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Bushfire Survival Plan

Planning properly for a bushfire can help you stay safe. 

Updated

Raging wildfire

Bushfires are nothing new to Australia, flaring up seasonally for a few months every year. But this bushfire season has been Australia's worst ever, already having destroyed thousands of homes and devastating wildlife.

Nobody wants to consider having to flee their homes in the face of an encroaching bushfire, but if you have to get out fast, it's better to be fully prepared. This guide helps with when to evacuate, and what you should have in place to do so.

How to prepare

Given the drought conditions and sky-high temperatures across Australia, even properties that haven't been seriously threatened before are at risk. Careful preparation will prevent blind panic in the face of a bushfire and give you the best chance of getting out safely. When coming up with a plan (write it down!), consider:

  • Where you live. Different areas face different bushfire threats. For example, fires in the bush tend to throw dangerous burning embers into the air, while fire spreads extremely fast over open grasslands and paddocks.
  • When you will leave. What's your trigger for leaving, and when's best to go? We discuss this in more depth below.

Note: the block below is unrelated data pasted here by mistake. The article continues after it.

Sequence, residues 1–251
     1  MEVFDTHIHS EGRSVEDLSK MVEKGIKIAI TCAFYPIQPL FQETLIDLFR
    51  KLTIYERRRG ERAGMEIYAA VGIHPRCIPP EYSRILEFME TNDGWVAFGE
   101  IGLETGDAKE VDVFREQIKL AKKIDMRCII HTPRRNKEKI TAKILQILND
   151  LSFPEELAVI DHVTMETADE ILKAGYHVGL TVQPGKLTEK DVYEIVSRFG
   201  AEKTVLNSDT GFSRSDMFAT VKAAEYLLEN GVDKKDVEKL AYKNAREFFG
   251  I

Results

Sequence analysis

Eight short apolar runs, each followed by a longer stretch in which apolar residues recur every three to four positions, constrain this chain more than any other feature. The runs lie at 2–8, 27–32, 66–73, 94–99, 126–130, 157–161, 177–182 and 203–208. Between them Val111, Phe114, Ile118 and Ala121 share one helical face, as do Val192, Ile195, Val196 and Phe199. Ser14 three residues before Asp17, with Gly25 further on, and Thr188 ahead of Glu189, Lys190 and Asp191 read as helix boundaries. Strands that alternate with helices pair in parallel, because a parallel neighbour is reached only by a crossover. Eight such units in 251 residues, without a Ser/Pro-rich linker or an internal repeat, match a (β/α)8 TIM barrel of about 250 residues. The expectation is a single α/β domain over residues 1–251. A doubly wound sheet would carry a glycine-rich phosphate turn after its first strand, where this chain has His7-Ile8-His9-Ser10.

• Where you will go. Have a safe, accessible destination in mind. A shopping centre, emergency shelter, or a large stretch of bare beach are possibilities.
  • Means of escape. What route are you planning to take? Do you have your own car or will you need to coordinate with a neighbour?
  • What to take. Put your emergency kit together ahead of time. We discuss what it should contain below.
  • Who you will notify. Don't leave your family and friends guessing. Keep everyone informed to your plans in the event of a bushfire.
  • Backup plan. What should you do if things don't work out, or a road you intended to use is blocked?

This template from the CFA can help you create a clear written plan so you know what to do in an emergency situation.

When to leave

It's heartbreaking decision to make, but leaving your home well ahead of a bushfire reaching it is crucial. Follow official evacuation notices if issued, but don't rely upon them. Know:

  • Fire ratings. Fire danger ratings are your best guide. The higher the rating, the more danger you're in. Consider urgent evacuation for any levels Severe or above. The NSW Rural Fire Service has put together this video to help understand the ratings and what each level means.
  • Time of day to leave. For extreme fire warnings, it's best to leave the night before or early in the morning to avoid getting caught.
  • Fires near you. If fires are approaching, it may be time to get out. You can find constantly updated state-specific fire trackers for:

What to take with you

At the very minimum, you should have an emergency kit in an easily accessible location containing the following:

  • Overnight bag with clothes and toiletries.
  • First aid equipment and any important medicine.
  • Any protective clothing.
  • Spare batteries for important devices.
  • Important documents and possessions like passports, photos, prescriptions, insurance details, and so forth.